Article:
A longitudinal assessment of productivity in prominent sociology journals and departmental prestige View Full Text


Ontology type: schema:ScholarlyArticle     


Article Info

DATE

1994-12

AUTHORS

Bruce Keith, Nicholas Babchuk

ABSTRACT

This paper tests the theory of cumulative advantage and disadvantage as it applies to the productivity and prestige of academic departments within sociology. The theory suggests that past perceptions of departmental prestige and cumulative records of faculty productivity are of greater significance than more recent levels of productivity in determining their perceived level of eminence within the discipline; a phenomenon due to the accumulation of past performance and recognition over time. The paper employs two widely disseminated measures of departmental eminence: the 1966 Cartter Report rankings and the 1982 Conference Boards assessments. Measures of departmental productivity are derived from cumulative publication histories of departments between 1936 and 1989 in three preeminent sociological journals; namely, theAmerican Sociological Review, American Journal of Sociology, andSocial Forces. The paper finds that while past accomplishments do not bear importantly on current perceptions of departmental prestige after controlling for the level of productivity maintained during the preceding decade, prior perceptions of prestige are strongly associated with current rankings. In addition, past perceptions of academic prestige are found to be highly stable, thereby creating the potential for a stratification hierarchy that allows for little mobility over time. More... »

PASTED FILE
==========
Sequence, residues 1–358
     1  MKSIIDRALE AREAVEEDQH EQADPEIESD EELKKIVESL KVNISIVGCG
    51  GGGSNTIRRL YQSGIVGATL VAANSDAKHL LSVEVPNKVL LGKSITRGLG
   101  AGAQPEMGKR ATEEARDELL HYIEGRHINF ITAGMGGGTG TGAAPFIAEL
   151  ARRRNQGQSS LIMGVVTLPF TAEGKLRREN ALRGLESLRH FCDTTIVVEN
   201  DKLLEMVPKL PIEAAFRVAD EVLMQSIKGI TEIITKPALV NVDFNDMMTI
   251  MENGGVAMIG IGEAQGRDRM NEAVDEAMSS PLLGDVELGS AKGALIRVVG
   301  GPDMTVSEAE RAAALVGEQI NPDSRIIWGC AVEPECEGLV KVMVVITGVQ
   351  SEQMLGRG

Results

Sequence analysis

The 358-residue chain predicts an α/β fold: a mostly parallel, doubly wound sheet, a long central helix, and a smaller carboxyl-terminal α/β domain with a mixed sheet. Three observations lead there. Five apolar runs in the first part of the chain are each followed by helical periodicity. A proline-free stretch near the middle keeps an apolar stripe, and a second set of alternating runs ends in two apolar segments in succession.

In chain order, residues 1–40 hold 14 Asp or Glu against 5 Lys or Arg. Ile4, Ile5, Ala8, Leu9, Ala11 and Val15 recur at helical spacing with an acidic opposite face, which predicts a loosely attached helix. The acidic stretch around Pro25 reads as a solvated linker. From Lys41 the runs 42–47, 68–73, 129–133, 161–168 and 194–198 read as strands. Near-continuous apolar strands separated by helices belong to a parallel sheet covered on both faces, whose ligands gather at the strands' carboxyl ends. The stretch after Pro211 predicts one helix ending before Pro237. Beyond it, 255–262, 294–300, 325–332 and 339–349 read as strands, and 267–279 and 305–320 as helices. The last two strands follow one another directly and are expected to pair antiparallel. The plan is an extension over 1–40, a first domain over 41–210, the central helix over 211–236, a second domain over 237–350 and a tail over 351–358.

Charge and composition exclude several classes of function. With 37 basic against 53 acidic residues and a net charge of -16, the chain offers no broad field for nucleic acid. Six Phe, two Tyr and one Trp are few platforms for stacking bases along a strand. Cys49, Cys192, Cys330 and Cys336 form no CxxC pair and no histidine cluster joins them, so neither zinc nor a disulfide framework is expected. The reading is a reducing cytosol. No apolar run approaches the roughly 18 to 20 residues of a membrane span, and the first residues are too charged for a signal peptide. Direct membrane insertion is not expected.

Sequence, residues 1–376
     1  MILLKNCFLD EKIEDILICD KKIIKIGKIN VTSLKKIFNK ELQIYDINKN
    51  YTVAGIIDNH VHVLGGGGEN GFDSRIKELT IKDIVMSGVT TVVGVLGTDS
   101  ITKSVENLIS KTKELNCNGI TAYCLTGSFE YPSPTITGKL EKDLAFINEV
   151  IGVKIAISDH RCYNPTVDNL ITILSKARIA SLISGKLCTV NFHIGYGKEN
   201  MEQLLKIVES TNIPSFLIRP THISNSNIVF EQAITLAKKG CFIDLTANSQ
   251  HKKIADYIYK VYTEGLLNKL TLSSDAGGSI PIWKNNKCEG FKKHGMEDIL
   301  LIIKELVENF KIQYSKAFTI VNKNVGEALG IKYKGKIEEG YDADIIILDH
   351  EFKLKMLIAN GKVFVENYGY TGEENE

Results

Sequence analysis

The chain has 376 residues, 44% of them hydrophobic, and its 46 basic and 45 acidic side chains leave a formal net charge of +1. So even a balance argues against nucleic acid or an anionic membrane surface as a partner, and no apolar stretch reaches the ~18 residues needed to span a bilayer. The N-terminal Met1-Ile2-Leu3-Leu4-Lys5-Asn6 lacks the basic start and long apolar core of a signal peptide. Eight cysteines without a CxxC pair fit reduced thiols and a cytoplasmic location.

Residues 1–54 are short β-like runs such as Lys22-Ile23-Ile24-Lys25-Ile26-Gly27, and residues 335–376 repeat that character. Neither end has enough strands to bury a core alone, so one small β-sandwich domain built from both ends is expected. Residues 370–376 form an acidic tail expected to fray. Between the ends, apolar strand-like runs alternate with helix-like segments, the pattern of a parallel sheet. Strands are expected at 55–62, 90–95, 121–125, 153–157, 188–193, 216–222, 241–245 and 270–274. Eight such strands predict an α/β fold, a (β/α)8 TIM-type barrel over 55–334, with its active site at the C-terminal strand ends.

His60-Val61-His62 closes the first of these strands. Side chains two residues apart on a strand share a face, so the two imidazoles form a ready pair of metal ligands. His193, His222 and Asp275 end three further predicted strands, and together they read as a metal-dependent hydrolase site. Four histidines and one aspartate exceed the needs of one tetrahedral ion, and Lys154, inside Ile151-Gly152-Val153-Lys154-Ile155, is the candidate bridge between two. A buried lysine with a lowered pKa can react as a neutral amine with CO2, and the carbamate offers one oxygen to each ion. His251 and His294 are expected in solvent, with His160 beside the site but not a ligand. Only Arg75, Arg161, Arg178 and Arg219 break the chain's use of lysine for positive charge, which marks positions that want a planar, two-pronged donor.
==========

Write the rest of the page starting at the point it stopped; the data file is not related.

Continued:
PAGES

4-27

References to SciGraph publications

Identifiers

URI

http://scigraph.springernature.com/pub.10.1007/bf02691987

DOI

http://dx.doi.org/10.1007/bf02691987

DIMENSIONS

https://app.dimensions.ai/details/publication/pub.1033804482


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